October 5, 2016
The amount of time it takes to prototype and user-test has decreased dramatically in the last several years, which means it’s become an essential part of every interactive design project we tackle. Everything from full-scale web applications to smaller campaign-focused microsites — and even the oft-lamented email campaign or banner ad — can be put through an up-front prototyping process and tested for usability. It’s a small time investment that can give you solid proof-of-concept to point to before delivering the final product, and helps avoid expensive iteration and changes.
Making well-informed, thoroughly processed and vetted design decisions often puts designers and strategists at odds, due to varied insight and perspective, as well as varied backgrounds and expertise. Try to imagine a situation in which you’ve spent a good amount of time creating static wireframes for an interface, only to have the client completely remove important elements that you’ve deemed essential for a good user experience. After making the adjustments — pushing through launch and watching this client experience the interface in action — they come back and request that those elements be added back in. You would happily oblige this request and then circle back around to discuss how this situation could be avoided in the future.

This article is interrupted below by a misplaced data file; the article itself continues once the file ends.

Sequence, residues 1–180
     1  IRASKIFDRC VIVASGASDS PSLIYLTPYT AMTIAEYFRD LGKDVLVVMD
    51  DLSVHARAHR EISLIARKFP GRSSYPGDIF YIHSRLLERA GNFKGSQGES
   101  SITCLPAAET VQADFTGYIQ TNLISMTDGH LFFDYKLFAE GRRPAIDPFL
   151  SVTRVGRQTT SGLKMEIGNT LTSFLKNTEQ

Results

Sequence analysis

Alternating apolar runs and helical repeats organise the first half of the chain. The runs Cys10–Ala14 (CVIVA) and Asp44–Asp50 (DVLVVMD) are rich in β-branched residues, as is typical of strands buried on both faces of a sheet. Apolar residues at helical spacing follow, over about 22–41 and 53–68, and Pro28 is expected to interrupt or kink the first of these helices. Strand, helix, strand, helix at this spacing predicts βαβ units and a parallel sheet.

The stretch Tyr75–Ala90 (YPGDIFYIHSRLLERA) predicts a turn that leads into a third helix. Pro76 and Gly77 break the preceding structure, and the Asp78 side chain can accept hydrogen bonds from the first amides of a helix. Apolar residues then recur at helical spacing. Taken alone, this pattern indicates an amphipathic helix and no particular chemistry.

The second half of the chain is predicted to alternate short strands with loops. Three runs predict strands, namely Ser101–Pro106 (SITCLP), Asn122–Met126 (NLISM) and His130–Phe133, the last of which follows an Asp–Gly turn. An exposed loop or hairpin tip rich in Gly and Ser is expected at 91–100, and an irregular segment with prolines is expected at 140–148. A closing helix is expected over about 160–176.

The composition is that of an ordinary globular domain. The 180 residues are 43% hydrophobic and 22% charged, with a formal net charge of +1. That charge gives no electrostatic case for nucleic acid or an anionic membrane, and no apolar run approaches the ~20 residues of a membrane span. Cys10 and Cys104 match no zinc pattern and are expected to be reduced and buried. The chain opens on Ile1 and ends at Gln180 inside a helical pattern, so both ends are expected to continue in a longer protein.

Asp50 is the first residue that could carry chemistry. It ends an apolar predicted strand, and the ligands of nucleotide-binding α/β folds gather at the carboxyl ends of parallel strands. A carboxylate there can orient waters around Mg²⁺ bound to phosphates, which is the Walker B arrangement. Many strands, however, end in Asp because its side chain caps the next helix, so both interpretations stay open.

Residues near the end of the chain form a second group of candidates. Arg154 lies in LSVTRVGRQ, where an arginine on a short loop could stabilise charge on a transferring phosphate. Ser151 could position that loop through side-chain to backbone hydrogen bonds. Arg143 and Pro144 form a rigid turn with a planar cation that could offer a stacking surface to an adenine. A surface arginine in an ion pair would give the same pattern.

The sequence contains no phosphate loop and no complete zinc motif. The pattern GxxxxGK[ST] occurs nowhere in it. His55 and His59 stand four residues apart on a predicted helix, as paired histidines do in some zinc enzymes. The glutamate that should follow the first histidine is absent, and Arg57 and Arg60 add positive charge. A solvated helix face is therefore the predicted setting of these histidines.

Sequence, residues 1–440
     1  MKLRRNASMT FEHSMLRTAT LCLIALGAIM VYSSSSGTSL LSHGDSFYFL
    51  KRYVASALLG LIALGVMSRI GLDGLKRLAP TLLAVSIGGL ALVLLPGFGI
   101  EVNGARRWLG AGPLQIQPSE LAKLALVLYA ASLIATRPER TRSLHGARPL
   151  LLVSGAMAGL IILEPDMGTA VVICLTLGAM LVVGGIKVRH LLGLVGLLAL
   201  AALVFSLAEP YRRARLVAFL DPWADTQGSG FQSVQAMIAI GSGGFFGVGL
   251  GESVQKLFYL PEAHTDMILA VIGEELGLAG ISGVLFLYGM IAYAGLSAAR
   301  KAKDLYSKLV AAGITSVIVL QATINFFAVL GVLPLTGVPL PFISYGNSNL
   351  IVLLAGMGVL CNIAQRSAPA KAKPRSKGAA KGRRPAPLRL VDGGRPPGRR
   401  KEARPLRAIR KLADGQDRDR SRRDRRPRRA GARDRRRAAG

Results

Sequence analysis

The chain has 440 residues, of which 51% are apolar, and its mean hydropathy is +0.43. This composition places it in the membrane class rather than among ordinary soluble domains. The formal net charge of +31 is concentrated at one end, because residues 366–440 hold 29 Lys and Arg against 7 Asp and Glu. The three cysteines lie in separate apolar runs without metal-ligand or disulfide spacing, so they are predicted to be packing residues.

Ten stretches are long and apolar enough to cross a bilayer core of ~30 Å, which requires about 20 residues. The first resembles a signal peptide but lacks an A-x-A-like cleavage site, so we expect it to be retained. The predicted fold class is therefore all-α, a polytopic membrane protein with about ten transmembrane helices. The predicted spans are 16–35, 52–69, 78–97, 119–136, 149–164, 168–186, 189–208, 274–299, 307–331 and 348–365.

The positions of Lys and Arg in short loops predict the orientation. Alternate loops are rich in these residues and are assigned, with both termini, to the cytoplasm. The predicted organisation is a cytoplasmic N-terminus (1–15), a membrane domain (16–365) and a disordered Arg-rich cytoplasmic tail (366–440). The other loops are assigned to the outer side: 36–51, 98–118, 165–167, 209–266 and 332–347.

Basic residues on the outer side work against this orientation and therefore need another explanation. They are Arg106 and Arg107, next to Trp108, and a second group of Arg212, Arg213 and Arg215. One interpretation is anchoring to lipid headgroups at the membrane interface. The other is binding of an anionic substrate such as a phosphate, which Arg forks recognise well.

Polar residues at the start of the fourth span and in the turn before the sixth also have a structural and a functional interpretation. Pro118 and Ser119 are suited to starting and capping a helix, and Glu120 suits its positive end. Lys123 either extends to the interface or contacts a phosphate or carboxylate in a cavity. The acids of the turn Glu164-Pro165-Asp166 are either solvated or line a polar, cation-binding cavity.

How can you avoid this scenario? How can you achieve buy-in from everyone on your team, the client and users, at the outset of the project? There are plenty of ways, from the project management and client-relationship perspective, but I want to highlight two methods that apply to the design and development teams.
One approach involves prototyping various options. If you can demonstrate the advantages of two alternatives prior to design and development, it will help everyone understand the process and will allow the designers to do their work with more confidence. With this minor time investment up-front, it could save everyone a lot of time later in the process.
The other method is semi-formal user testing that involves everyone on the team. It’s becoming increasing clear that testing within a vacuum results in designers and developers merely interpreting feedback rather than hearing it from the source. If you can do a round of user testing internally with the entire creative team and account team sitting in the room listening to the user discuss their experience, followed by a group discussion and analysis, everyone will have the same first-hand experience with the user during testing. This will minimize subjective interpretation of feedback.
If you can integrate both of these tasks into your design and development process, you will minimize the amount of revisions and increase the shared understanding of functionality prior to developing the interface. It may seem silly on simple or small projects, but this can even be used for copywriting! Put your ideas in front of users as soon as possible and create tasks for them to accomplish that test your design choices.